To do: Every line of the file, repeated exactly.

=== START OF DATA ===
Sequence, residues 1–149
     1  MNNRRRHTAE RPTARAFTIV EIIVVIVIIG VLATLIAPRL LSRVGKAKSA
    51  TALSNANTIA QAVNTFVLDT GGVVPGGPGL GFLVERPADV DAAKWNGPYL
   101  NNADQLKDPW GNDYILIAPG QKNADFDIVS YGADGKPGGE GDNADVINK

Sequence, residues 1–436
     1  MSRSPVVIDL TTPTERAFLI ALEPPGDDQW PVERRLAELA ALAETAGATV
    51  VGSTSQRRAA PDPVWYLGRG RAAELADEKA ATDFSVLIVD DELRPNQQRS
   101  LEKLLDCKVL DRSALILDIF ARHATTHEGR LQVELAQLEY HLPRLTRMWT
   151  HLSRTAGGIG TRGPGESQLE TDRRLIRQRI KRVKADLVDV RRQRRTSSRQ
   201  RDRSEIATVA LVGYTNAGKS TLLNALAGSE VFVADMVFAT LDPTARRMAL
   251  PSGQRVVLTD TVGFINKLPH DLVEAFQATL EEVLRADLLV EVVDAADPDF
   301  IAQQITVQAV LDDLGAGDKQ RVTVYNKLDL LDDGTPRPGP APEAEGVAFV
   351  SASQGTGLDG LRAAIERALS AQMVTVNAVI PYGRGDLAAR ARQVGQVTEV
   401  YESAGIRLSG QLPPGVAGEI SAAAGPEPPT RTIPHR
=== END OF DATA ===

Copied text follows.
Sequence, residues 1–149
     1  MNNRRRHTAE RPTARAFTIV EIIVVIVIIG VLATLIAPRL LSRVGKAKSA
    51  TALSNANTIA QAVNTFVLDT GGVVPGGPGL GFLVERPADV DAAKWNGPYL
   101  NNADQLKDPW GNDYILIAPG QKNADFDIVS YGADGKPGGE GDNADVINK

Sequence, residues 1–436
     1  MSRSPVVIDL TTPTERAFLI ALEPPGDDQW PVERRLAELA ALAETAGATV
    51  VGSTSQRRAA PDPVWYLGRG RAAELADEKA ATDFSVLIVD DELRPNQQRS
   101  LEKLLDCKVL DRSALILDIF ARHATTHEGR LQVELAQLEY HLPRLTRMWT
   151  HLSRTAGGIG TRGPGESQLE TDRRLIRQRI KRVKADLVDV RRQRRTSSRQ
   201  RDRSEIATVA LVGYTNAGKS TLLNALAGSE VFVADMVFAT LDPTARRMAL
   251  PSGQRVVLTD TVGFINKLPH DLVEAFQATL EEVLRADLLV EVVDAADPDF
   301  IAQQITVQAV LDDLGAGDKQ RVTVYNKLDL LDDGTPRPGP APEAEGVAFV
   351  SASQGTGLDG LRAAIERALS AQMVTVNAVI PYGRGDLAAR ARQVGQVTEV
   401  YESAGIRLSG QLPPGVAGEI SAAAGPEPPT RTIPHR